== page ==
If you ask James Wisniewski, it wasn't so much the finish on Ryan Murray's game-winning goal on Sunday night as it was the play that made it all happen.
Wisniewski got a birds-eye view of it as Murray's partner on defense, too. There was a 19-year-old kid in his first NHL game and in his second week of competition following six months of shoulder surgery rehabilitation, and his first assignment was to defend the likes of Evgeni Malkin, James Neal and Beau Bennett for the Pittsburgh Penguins. After a frantic start that saw the Penguins score in the opening minute, the Blue Jackets settled in and Murray felt his game improved as the game grew older.
The smart read-and-react play by Murray late in overtime after Malkin turned the puck over at the offensive blue line was impressive, Wisniewski said, but the overall body of work was even more encouraging.
"That's just a smart hockey player," Wisniewski told BlueJackets.com. "I would say he and I played some good defense on one of the best players in the world, poked the puck away and he saw that they had two guys deep. I was below him, and (in that situation), you go. I don't care if there's 20 seconds left in Game 7 of the finals, if you can make it a 3-on-2, you have to do it.
"He was very smart, very composed. Hopefully we play together for a long time, and we can work on things where we're just yin and yang. He knows what I'm doing and I know where he's going and it just becomes second nature. That's what we can work on from here on out."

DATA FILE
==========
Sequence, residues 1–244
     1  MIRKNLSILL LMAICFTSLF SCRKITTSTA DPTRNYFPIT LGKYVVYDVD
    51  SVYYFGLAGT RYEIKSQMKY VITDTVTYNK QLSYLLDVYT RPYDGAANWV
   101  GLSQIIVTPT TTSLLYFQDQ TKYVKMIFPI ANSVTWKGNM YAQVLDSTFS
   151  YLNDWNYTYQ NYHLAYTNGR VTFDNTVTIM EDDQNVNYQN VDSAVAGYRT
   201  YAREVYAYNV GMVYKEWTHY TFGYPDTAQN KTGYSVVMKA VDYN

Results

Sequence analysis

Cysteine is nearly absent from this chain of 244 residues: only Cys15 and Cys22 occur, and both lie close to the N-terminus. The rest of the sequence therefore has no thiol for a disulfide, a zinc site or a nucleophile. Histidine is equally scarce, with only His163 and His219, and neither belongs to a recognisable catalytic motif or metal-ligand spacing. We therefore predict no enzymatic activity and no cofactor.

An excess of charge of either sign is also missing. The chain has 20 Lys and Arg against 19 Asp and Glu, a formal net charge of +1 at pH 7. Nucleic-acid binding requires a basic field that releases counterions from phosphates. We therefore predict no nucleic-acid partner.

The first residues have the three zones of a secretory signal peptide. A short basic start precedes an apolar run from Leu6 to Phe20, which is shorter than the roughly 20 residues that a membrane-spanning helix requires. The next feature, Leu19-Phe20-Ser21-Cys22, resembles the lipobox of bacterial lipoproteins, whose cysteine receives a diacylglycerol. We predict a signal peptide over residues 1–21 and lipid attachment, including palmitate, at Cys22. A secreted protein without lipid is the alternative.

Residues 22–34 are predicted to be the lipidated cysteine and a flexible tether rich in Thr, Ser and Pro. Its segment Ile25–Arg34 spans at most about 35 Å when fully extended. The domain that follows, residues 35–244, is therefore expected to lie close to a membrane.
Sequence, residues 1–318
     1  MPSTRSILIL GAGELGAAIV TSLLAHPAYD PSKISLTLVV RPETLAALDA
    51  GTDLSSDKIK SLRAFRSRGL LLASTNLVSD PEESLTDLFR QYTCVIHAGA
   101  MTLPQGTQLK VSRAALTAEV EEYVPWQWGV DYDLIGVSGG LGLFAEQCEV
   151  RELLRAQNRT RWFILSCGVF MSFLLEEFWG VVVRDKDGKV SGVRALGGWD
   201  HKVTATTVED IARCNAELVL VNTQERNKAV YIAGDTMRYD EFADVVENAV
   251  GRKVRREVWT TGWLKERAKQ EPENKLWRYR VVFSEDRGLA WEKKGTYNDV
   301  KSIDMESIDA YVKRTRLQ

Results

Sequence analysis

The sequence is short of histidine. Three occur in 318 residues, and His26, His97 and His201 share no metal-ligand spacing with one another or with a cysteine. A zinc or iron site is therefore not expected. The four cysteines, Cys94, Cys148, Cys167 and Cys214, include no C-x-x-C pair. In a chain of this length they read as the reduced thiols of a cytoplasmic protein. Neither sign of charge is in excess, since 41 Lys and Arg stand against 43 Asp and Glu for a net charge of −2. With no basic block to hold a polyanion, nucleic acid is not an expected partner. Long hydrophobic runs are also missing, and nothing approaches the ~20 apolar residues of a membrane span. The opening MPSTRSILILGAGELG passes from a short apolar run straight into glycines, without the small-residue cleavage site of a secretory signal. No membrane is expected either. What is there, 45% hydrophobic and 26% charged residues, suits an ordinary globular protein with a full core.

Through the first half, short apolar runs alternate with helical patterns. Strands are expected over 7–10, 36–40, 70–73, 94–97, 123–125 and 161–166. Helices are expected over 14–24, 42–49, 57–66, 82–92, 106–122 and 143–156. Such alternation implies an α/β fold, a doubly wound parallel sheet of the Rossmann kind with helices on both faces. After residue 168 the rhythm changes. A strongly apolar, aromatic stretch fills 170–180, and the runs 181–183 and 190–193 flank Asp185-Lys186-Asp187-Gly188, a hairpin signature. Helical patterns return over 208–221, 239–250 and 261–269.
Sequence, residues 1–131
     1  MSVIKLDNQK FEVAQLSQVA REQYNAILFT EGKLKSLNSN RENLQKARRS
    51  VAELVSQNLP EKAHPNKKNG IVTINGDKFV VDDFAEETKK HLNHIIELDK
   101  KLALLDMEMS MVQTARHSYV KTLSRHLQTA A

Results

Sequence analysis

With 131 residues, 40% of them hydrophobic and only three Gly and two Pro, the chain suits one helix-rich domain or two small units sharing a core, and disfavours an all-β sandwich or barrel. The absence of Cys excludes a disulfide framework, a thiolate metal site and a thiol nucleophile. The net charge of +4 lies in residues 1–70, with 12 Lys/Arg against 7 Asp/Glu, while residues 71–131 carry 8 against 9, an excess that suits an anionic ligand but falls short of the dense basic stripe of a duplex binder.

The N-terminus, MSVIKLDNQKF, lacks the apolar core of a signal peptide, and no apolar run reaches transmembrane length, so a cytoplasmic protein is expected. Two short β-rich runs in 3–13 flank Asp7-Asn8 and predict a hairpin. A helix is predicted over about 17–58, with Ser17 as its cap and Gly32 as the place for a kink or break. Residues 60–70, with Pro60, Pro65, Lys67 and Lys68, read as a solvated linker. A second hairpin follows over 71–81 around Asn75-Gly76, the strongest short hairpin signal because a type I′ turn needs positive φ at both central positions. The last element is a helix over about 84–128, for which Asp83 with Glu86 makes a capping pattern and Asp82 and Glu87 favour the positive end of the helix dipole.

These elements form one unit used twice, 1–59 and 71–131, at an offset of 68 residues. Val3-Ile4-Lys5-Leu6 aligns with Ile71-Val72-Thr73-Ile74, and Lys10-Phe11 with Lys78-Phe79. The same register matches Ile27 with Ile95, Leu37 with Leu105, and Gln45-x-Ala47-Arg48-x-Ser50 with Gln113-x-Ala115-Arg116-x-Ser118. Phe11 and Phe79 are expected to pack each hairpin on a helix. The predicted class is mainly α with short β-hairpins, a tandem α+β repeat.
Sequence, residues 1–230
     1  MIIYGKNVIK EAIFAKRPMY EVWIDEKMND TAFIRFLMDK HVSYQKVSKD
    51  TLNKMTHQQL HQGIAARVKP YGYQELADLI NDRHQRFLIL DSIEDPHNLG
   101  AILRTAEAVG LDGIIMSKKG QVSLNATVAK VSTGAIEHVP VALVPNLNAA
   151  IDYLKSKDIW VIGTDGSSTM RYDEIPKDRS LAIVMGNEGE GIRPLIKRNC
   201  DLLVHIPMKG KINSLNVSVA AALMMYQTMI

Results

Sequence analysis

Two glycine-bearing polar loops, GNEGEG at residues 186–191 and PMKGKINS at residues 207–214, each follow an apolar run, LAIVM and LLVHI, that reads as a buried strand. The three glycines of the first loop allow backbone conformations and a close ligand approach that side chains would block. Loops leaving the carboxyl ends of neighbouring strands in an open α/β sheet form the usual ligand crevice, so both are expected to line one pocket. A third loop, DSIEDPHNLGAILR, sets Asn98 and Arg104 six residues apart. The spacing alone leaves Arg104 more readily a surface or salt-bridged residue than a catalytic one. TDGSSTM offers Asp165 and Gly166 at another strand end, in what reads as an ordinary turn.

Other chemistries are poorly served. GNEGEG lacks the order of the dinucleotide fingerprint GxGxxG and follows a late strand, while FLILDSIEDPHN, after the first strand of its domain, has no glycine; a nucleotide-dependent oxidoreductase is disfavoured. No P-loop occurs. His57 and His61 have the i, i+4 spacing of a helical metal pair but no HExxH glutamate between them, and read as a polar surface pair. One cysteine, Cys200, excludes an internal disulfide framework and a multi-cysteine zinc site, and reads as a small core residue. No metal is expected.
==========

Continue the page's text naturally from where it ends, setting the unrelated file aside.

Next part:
Wisniewski played 23:17 and Murray logged 23:06 - second only to the pairing of Nikita Nikitin and David Savard - and drew most of their ice against the Malkin line while serving as the top penalty-killing pair. It was obvious that Wisniewski and Murray had practiced together this week and were comfortable with one another, and having a veteran presence beside him helped ease Murray's early-game nerves.
Another way to eradicate first-game butterflies is to score the game-winning goal, but Murray said he's looking forward to using Sunday's game as a learning experience and something to build on.
"My first couple of shifts, I made a couple of brain-dead plays and didn't do too great," Murray said. "I felt a little nervous at the start. Toward the middle and end of the game, I started to feel a lot better.
"There wasn't a whole lot of time left in overtime and I figured it was my last rush, so I said 'I might as well.' I gave it everything to get up in the play and (RJ Umberger) made an awesome play to get it over to me. I just buried my head and luckily it went in."